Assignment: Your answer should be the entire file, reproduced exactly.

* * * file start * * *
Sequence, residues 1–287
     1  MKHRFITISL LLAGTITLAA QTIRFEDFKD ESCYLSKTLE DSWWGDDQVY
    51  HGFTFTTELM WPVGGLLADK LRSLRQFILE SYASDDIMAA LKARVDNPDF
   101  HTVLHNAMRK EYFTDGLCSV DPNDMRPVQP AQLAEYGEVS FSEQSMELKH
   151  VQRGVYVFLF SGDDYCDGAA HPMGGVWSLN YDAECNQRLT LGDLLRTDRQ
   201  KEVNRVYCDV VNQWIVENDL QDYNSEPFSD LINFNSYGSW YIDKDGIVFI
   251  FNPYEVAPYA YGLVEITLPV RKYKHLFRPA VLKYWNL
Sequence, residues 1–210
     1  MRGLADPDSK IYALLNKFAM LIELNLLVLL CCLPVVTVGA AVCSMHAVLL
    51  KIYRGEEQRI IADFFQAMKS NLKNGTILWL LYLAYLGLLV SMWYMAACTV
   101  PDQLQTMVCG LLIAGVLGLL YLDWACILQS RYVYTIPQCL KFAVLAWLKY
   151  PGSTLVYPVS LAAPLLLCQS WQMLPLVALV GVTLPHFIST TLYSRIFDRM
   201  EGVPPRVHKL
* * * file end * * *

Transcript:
Sequence, residues 1–287
     1  MKHRFITISL LLAGTITLAA QTIRFEDFKD ESCYLSKTLE DSWWGDDQVY
    51  HGFTFTTELM WPVGGLLADK LRSLRQFILE SYASDDIMAA LKARVDNPDF
   101  HTVLHNAMRK EYFTDGLCSV DPNDMRPVQP AQLAEYGEVS FSEQSMELKH
   151  VQRGVYVFLF SGDDYCDGAA HPMGGVWSLN YDAECNQRLT LGDLLRTDRQ
   201  KEVNRVYCDV VNQWIVENDL QDYNSEPFSD LINFNSYGSW YIDKDGIVFI
   251  FNPYEVAPYA YGLVEITLPV RKYKHLFRPA VLKYWNL
Sequence, residues 1–210
     1  MRGLADPDSK IYALLNKFAM LIELNLLVLL CCLPVVTVGA AVCSMHAVLL
    51  KIYRGEEQRI IADFFQAMKS NLKNGTILWL LYLAYLGLLV SMWYMAACTV
   101  PDQLQTMVCG LLIAGVLGLL YLDWACILQS RYVYTIPQCL KFAVLAWLKY
   151  PGSTLVYPVS LAAPLLLCQS WQMLPLVALV GVTLPHFIST TLYSRIFDRM
   201  EGVPPRVHKL